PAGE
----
Tags: bagels, banneton, ciabatta, E5 Bakehouse, Hackney Wild, Rye, sourdough
For last year’s Christmas gift countdown challenge, I suggested the gift of a Bertinent bread-making class for Aunt Fanny. Well, I should have actually recommended the classes run by my local bakery, the E5 Bakehouse. After some (I thought quite subtle, but apparently not, hints), my very own Quentin got me a day of learning the secrets of sourdough for my Christmas present. I booked some time ago but due to the popularity of the classes only embarked upon this initiation on Thursday. Anyway, it was brilliant.
We had a very good teacher called Pete. Pete is is a baker at the Bakehouse. Over the course of the day he taught us how to make 4 different breads, all with a sourdough starter. The breads were a 66% rye, ciabatta, bagels, and the Bakehouse’s signature loaf, the Hackney Wild. The bagels and ciabatta use the same white starter, but the rye and Hackney Wild have their own made with different proportions of rye, wholemeal and white flour.
The class assembled at 11am for coffee, bread and marmalade. A couple of us were locals, but many people had travelled from afar, including one gentleman who had left Darlington at 5am to make it to London in time. We spent the morning getting our different doughs going, giving them the occasional fold, and learning more about the history of sourdough, bread in general, and the heritage wheats that the Bakehouse likes to use (since the 50s, a hybrid, bred, type of wheat is generally used for bread-making, but many smaller growers are trying to revive older grains). One thing I didn’t know was that the name ‘ciabatta’ (meaning ‘old man’s slipper’) was only coined fairly recently, as an Italian reaction to the invasion of other foreign breads (baguettes and the like) into Italy.
After a bread for lunch (locally foraged and grown salad, including delicate and delicious wild garlic, and sandwiches made with Bakehouse bread, of course) we began shaping our loaves. We learnt how to be gentle with the bread, shaping round loaves with a little gentle lift and squeeze (oh yes) before popping them in a banneton (a cane basket that helps the bread develop and keep its shape during the time it takes to prove).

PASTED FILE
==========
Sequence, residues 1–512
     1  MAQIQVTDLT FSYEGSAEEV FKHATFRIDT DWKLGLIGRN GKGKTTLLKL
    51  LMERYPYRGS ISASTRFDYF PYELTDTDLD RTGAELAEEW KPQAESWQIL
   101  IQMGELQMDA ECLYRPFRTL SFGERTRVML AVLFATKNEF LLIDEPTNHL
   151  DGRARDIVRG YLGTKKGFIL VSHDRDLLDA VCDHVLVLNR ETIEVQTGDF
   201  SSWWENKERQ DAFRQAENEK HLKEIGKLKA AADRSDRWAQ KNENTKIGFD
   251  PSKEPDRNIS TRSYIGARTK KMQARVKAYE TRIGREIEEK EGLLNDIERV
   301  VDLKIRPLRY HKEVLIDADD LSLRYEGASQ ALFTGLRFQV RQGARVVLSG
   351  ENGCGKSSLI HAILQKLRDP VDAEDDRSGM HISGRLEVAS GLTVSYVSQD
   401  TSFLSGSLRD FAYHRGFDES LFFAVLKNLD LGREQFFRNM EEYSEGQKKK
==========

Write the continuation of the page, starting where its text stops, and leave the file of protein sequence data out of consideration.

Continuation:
Bagel were interesting to make. Pete, our teacher, showed us two techniques for this. One involved rolling a sausage of dough and then squeezing this firmly together and giving the dough a roll with the palm of your hand until the join is sealed. The second was fun too. This consisted of poking a hole into a round piece of dough and then using your index fingers to roll and stretch the hole out from the inside. After the bagels sat and proved for a bit we poached them in boiling water and bicarbonate of soda before dressing them with salt, sesame or poppy seeds and popping them into the bread oven to bake.
The ciabatta, rich with olive oil, was silky and slippery to roll and stretch out, while the Hackney Wild and the 66% rye were nice and firm and satisfying to shape. One valuable lesson we learnt was about to how to recreate some of the qualities of the bread oven at home. Key to this is introducing some element of steam. This prevents a crust forming too quickly which restricts the development of your loaf. Some ways to do this are by putting a tray of water, or some ice cubes, into the bottom of your oven while the bread bakes. Another interesting method that Pete demonstrated to us is to bake the bread inside a cast iron cooking pot. The bread produced its own steam and is able to swell and rise evenly before you take the lid off for the final 10 minutes of cooking time. Pete made two loaves – one in the pot, one just on a tray – and the difference was remarkable.
I came home laden with lots of bread and three pots of starters (plus a snazzy E5 scraper/cutter). As I write, there is still one ciabatta, a quarter of rye and two bagels left, plus a frozen Hackney Wild dough in the freezer. Whew! But to keep in practice, I’m currently creating a new rye leaven from my starter (you add a bunch more flour and water and leave it out of the fridge to spring to life) so I can bake some more tomorrow.